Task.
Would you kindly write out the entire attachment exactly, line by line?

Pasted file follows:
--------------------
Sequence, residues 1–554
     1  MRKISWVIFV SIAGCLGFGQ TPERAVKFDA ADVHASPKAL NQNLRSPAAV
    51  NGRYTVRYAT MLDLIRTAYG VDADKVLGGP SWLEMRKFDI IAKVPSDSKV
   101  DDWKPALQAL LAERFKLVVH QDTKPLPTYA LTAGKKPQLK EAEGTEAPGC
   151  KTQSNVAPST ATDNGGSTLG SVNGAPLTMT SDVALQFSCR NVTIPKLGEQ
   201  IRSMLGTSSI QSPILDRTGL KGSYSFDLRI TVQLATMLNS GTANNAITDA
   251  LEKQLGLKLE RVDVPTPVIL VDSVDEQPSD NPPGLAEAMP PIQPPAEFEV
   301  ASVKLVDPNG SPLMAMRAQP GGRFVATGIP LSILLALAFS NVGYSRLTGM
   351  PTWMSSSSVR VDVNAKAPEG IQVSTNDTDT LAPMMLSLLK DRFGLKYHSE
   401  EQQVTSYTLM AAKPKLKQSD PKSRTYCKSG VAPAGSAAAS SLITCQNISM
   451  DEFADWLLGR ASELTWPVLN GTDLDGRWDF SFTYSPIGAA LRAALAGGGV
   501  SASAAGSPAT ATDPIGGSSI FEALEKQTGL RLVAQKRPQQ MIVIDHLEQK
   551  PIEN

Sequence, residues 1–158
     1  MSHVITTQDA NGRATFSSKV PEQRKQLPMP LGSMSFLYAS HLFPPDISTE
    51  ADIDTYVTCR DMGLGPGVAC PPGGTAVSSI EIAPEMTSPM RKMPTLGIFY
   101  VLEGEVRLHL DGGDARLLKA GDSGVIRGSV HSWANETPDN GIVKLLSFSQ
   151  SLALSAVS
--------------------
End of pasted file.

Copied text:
Sequence, residues 1–554
     1  MRKISWVIFV SIAGCLGFGQ TPERAVKFDA ADVHASPKAL NQNLRSPAAV
    51  NGRYTVRYAT MLDLIRTAYG VDADKVLGGP SWLEMRKFDI IAKVPSDSKV
   101  DDWKPALQAL LAERFKLVVH QDTKPLPTYA LTAGKKPQLK EAEGTEAPGC
   151  KTQSNVAPST ATDNGGSTLG SVNGAPLTMT SDVALQFSCR NVTIPKLGEQ
   201  IRSMLGTSSI QSPILDRTGL KGSYSFDLRI TVQLATMLNS GTANNAITDA
   251  LEKQLGLKLE RVDVPTPVIL VDSVDEQPSD NPPGLAEAMP PIQPPAEFEV
   301  ASVKLVDPNG SPLMAMRAQP GGRFVATGIP LSILLALAFS NVGYSRLTGM
   351  PTWMSSSSVR VDVNAKAPEG IQVSTNDTDT LAPMMLSLLK DRFGLKYHSE
   401  EQQVTSYTLM AAKPKLKQSD PKSRTYCKSG VAPAGSAAAS SLITCQNISM
   451  DEFADWLLGR ASELTWPVLN GTDLDGRWDF SFTYSPIGAA LRAALAGGGV
   501  SASAAGSPAT ATDPIGGSSI FEALEKQTGL RLVAQKRPQQ MIVIDHLEQK
   551  PIEN

Sequence, residues 1–158
     1  MSHVITTQDA NGRATFSSKV PEQRKQLPMP LGSMSFLYAS HLFPPDISTE
    51  ADIDTYVTCR DMGLGPGVAC PPGGTAVSSI EIAPEMTSPM RKMPTLGIFY
   101  VLEGEVRLHL DGGDARLLKA GDSGVIRGSV HSWANETPDN GIVKLLSFSQ
   151  SLALSAVS